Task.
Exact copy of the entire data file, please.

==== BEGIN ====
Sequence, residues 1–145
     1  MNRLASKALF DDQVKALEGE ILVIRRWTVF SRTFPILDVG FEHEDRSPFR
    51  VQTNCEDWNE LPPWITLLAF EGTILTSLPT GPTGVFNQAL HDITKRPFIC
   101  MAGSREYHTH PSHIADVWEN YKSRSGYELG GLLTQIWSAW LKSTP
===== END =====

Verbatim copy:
Sequence, residues 1–145
     1  MNRLASKALF DDQVKALEGE ILVIRRWTVF SRTFPILDVG FEHEDRSPFR
    51  VQTNCEDWNE LPPWITLLAF EGTILTSLPT GPTGVFNQAL HDITKRPFIC
   101  MAGSREYHTH PSHIADVWEN YKSRSGYELG GLLTQIWSAW LKSTP